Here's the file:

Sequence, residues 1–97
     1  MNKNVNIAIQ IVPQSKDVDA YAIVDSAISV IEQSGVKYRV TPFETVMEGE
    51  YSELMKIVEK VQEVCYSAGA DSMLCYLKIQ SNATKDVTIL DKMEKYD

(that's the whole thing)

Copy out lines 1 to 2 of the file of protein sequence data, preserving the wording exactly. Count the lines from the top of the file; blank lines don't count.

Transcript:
Sequence, residues 1–97
     1  MNKNVNIAIQ IVPQSKDVDA YAIVDSAISV IEQSGVKYRV TPFETVMEGE